For the first time in four decades, Cook County property owners may actually get the second installment of their tax bills on time.
That means the bills likely be in the mail July 1 and due Aug. 1—the statutory deadline—not some unpredictable date in the fall, the Chicago Sun-Times reported.
The regular delay has been blamed over the years on everything from inefficient bureaucracies to politics, according to the news report. In 2010, critics charged that powerful Democrats were behind the plan to delay sending out Cook County tax bills until after the Nov. 2 election fearing voter backlash.
But Cook County Board President Toni Preckwinkle made “getting the tax bills out on time” a refrain on the campaign trail and during discussions of government efficiency, with county elected leaders involved in putting the bills together nodding in agreement. The county taxes 1.7 million parcels of property.
Delays in getting out the tax bills means delays in getting money to taxing districts, such as schools and libraries — where officials must borrow until they get their piece of the property tax pie. Officials say schools and libraries shouldn’t have to borrow money as a result of delays because it burdens taxpayers with covering the interest on the loans.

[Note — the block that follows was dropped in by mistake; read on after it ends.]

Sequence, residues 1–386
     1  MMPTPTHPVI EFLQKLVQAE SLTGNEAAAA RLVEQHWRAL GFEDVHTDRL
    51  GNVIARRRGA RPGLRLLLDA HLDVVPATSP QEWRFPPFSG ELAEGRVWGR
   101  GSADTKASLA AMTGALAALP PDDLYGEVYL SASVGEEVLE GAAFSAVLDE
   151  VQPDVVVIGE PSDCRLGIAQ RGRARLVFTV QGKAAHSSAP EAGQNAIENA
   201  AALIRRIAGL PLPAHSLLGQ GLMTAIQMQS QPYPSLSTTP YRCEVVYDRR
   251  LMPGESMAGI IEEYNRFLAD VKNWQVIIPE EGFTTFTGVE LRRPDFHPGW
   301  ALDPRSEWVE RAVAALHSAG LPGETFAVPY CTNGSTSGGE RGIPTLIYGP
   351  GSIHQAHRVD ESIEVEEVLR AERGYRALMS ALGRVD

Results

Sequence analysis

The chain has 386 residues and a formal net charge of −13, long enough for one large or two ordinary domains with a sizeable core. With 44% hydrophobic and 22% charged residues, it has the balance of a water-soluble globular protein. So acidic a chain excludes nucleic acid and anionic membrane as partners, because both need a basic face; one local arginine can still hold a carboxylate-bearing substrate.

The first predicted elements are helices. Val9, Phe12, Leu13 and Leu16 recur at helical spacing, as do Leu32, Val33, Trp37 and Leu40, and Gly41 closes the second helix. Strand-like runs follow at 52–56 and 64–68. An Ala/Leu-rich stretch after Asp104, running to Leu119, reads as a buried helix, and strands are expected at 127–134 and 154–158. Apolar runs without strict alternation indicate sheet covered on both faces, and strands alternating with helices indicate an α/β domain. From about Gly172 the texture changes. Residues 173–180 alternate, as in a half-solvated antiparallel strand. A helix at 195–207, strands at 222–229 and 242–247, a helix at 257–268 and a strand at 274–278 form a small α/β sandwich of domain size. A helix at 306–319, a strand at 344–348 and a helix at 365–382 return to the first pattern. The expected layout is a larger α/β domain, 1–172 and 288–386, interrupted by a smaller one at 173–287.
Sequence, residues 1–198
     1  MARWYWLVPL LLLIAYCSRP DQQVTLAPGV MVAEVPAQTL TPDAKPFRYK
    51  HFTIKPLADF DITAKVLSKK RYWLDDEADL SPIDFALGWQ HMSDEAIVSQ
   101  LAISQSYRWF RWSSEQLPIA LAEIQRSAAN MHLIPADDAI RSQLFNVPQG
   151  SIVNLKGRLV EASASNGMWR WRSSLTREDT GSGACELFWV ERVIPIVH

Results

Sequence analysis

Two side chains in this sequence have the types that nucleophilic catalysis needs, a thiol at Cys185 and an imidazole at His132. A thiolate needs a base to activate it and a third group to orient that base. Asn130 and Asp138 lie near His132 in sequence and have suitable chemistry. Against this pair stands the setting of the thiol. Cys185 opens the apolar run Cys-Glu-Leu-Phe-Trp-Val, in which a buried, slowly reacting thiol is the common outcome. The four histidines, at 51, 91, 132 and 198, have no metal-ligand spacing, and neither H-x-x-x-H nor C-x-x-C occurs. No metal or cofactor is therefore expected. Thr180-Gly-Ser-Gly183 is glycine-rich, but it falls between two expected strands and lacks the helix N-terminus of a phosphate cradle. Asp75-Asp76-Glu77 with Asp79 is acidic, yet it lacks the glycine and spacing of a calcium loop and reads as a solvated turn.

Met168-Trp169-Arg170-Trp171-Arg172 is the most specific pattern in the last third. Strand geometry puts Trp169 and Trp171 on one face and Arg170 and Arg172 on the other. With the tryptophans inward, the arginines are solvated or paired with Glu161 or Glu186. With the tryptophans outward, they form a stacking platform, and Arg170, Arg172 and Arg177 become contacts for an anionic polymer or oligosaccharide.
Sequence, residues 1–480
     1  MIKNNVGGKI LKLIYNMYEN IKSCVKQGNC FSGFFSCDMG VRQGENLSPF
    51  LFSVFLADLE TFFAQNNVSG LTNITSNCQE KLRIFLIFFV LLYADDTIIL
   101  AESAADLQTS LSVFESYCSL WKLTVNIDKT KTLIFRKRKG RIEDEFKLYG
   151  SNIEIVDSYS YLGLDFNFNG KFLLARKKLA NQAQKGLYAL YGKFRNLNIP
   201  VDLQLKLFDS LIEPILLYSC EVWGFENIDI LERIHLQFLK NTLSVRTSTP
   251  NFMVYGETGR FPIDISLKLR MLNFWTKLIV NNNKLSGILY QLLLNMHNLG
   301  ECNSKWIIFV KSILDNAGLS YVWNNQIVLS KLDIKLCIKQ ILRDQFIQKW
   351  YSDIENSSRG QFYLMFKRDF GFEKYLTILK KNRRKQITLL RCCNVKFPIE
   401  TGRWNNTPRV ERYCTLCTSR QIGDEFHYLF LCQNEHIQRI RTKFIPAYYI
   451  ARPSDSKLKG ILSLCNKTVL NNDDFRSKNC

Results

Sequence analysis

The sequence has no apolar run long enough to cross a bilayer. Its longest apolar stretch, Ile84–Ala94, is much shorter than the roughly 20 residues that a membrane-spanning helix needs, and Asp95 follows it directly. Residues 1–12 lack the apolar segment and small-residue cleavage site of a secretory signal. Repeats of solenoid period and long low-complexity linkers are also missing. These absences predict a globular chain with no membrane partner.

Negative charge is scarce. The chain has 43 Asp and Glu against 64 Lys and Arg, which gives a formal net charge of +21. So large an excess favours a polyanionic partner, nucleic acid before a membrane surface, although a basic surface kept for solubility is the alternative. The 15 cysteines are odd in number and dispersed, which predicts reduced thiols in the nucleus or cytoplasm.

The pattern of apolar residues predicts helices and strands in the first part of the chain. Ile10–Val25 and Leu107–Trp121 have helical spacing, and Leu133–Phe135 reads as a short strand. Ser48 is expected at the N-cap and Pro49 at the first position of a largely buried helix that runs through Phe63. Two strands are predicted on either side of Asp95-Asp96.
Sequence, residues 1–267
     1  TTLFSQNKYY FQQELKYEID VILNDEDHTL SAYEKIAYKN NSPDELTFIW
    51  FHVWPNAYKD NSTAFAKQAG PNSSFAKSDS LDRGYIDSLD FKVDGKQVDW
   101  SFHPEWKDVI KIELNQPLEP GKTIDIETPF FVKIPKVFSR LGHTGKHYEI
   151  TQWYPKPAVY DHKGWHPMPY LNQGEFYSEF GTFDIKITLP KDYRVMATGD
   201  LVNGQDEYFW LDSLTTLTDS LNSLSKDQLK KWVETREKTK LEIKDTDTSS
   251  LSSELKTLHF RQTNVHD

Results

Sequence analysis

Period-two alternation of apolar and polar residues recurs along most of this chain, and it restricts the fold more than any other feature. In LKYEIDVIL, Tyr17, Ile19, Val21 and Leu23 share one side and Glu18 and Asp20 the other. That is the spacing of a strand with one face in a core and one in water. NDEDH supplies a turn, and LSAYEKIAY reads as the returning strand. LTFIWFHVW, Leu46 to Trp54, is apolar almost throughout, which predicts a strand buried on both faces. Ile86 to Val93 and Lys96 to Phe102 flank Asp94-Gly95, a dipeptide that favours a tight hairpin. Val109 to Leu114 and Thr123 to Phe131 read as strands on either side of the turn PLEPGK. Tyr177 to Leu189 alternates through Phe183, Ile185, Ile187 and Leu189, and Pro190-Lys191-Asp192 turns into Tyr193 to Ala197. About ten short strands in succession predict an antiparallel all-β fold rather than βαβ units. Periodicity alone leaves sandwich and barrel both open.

The complicated task of figuring tax bills begins with assessing the value of a home, done every three years. The state issues an “equalizer” to make up for the fact that Cook County assess homes at 10 percent of their value and commercial at 25 percent of their value — different than in other counties. Then the county clerk sets the tax rate to meet the taxing districts’ financial needs.
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